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Don’t scrimp on good stuff when feeding birds

We have all heard the phrase he or she “eats like a bird.” This usually implies a very small appetite. This could not be further from the truth for birds. If you “ate like a bird” you would eat more than 25 pizzas a day. Birds’ high metabolism and high body temperature use a lot of energy, which means, they need a lot of food. Birds spend most of the daylight hours foraging and consuming food.

The Golden-crowned kinglet for example, is a very small bird at only 4 inches long. Kinglets eat mainly insects and need about 8 calories per day. This doesn’t sound like much, but in a human comparison, this would equate to over 60,000 calories per day. The larger American robin can consume up to 14 feet of worms a day.

Most birds find food by sight. Ground feeding birds like quail and sparrows uncover food by scratching the ground with one or both feet. Robins hop on the ground and tilt their head to look for signs of earthworm activity. Woodpeckers excavate small holes in trees to reach hidden insects. Herons and egrets will sometimes lure in their prey by touching the tip of their bill on the water’s surface to mimic a struggling insect and then catch fish that come to investigate the disturbance.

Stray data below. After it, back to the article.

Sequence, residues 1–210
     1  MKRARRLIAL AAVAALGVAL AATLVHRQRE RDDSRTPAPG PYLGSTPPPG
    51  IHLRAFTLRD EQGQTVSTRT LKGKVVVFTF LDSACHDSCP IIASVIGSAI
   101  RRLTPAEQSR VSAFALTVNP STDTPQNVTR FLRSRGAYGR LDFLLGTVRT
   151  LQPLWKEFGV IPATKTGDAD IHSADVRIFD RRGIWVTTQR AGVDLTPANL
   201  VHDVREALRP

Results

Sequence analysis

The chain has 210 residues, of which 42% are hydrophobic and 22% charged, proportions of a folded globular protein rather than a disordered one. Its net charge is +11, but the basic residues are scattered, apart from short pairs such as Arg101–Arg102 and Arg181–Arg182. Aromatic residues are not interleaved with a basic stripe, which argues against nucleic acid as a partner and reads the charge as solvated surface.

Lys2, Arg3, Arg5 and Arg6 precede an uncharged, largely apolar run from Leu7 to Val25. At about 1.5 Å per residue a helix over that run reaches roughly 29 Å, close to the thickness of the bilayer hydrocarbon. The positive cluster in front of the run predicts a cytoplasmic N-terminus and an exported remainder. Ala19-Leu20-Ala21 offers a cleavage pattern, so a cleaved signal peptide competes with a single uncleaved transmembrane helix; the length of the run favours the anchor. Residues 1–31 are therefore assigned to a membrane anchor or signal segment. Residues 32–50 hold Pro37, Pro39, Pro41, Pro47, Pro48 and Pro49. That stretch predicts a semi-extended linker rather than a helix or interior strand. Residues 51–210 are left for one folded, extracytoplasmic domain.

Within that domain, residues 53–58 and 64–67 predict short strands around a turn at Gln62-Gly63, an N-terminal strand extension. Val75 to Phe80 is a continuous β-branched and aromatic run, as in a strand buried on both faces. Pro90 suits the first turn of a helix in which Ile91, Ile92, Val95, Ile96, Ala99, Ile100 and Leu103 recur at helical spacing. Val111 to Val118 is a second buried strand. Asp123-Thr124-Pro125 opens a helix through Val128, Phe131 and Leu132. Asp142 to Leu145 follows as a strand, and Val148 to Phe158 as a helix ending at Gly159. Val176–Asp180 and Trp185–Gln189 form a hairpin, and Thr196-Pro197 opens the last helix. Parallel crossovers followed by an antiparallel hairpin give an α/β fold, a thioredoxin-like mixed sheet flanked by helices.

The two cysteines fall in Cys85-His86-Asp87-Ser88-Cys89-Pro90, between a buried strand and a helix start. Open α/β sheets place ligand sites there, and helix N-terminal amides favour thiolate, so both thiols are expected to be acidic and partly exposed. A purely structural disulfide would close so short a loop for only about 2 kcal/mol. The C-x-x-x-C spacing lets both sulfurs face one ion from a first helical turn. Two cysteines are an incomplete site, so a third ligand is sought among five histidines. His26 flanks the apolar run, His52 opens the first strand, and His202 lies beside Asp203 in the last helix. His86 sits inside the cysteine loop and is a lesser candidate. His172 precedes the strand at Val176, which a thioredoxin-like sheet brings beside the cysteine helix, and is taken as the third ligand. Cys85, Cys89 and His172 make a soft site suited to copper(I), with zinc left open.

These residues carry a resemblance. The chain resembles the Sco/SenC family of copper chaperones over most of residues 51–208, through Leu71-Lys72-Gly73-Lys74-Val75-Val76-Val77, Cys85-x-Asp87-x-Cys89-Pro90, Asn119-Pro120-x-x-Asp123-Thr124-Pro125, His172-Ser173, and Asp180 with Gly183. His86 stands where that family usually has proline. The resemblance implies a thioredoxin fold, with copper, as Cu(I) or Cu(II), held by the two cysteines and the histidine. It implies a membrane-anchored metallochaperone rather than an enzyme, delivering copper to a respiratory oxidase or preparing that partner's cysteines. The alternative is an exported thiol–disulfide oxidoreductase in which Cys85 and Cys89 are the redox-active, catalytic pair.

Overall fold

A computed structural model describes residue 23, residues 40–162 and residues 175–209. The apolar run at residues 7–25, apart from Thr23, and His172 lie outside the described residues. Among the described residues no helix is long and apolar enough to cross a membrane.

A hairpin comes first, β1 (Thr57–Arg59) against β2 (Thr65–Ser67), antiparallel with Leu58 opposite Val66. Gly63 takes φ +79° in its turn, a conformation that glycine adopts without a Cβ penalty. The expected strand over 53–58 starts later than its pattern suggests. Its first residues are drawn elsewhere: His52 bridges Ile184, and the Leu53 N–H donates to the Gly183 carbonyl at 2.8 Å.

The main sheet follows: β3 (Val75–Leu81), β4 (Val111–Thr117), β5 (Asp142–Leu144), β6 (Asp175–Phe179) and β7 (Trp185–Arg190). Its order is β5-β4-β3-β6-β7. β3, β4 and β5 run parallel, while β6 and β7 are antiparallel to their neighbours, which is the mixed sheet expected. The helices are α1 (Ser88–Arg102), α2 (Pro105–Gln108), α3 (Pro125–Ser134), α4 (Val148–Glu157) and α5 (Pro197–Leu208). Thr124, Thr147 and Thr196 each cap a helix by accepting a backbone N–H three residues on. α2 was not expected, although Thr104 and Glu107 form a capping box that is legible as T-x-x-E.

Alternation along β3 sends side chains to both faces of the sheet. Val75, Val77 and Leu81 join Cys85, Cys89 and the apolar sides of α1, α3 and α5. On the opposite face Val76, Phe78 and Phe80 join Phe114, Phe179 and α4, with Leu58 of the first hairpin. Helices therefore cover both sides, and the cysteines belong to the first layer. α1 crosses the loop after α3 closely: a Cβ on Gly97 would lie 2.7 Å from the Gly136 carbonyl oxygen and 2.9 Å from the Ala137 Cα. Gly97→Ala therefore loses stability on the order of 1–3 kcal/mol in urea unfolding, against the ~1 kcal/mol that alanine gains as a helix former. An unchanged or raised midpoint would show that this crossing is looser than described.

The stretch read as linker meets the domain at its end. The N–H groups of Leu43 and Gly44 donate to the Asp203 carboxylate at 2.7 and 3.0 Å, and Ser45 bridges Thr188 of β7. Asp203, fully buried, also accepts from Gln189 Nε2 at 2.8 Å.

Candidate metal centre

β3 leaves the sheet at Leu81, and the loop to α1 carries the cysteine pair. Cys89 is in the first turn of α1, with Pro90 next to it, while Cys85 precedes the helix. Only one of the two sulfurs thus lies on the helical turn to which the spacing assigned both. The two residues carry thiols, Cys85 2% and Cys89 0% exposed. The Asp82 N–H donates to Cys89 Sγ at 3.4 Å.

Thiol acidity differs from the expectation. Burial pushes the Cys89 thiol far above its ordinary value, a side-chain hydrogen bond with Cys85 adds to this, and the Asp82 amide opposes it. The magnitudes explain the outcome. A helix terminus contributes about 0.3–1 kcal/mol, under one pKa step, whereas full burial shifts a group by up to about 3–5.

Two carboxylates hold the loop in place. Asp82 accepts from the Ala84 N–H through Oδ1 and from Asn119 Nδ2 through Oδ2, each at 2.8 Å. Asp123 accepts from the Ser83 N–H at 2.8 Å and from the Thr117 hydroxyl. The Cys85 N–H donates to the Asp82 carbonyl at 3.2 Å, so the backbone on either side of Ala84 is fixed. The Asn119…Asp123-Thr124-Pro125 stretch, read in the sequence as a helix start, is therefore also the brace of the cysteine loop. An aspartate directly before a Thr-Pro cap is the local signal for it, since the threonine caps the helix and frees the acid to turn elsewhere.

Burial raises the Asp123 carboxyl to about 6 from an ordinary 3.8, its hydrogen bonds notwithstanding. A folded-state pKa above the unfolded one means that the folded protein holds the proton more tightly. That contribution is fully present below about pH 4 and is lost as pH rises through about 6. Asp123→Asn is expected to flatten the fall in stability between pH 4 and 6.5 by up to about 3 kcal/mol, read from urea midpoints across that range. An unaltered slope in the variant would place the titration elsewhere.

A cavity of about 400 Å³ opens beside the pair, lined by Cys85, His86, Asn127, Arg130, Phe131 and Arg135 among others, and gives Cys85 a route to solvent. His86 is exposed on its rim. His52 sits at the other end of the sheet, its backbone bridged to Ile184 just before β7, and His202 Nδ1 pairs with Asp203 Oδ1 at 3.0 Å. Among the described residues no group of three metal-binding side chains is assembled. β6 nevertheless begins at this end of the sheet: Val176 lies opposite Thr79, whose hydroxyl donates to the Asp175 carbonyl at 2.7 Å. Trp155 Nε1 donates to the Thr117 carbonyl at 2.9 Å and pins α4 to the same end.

The majority of birds use their bill to handle their food. The house finch uses its thick bill to crack the shell of a seed, discard the shell and swallow the food whole. Some birds like the chickadee, which has a small, thin bill, will hold a seed with its feet and open the shell with its pointed bill. Hummingbirds use their tongues to capture nectar and carry it to their bill.

Birds are very much aware of the nutritional quality of their food and seek out higher-quality foods. The optimal food has just the right amount fat, calories, calcium and protein birds are looking for. If you feed the birds, it is important to offer nutritional foods such as black-oil sunflower seeds, high-fat quality seed blends and suet with added calcium. Birds have a need for calcium and some birds have even been observed eating calcium-rich paint chips from buildings. Providing native, natural food-producing flowers, shrubs and trees is also beneficial. If planting for the birds, be sure to check with your local nursery for seed and berry producing native plants that local birds are attracted to.

Mary Schmauss is the owner of Wild Birds Unlimited in Albuquerque. A lifelong birder and author of “For the Birds: A Month-by-Month Guide to Attracting Birds to your Backyard.”

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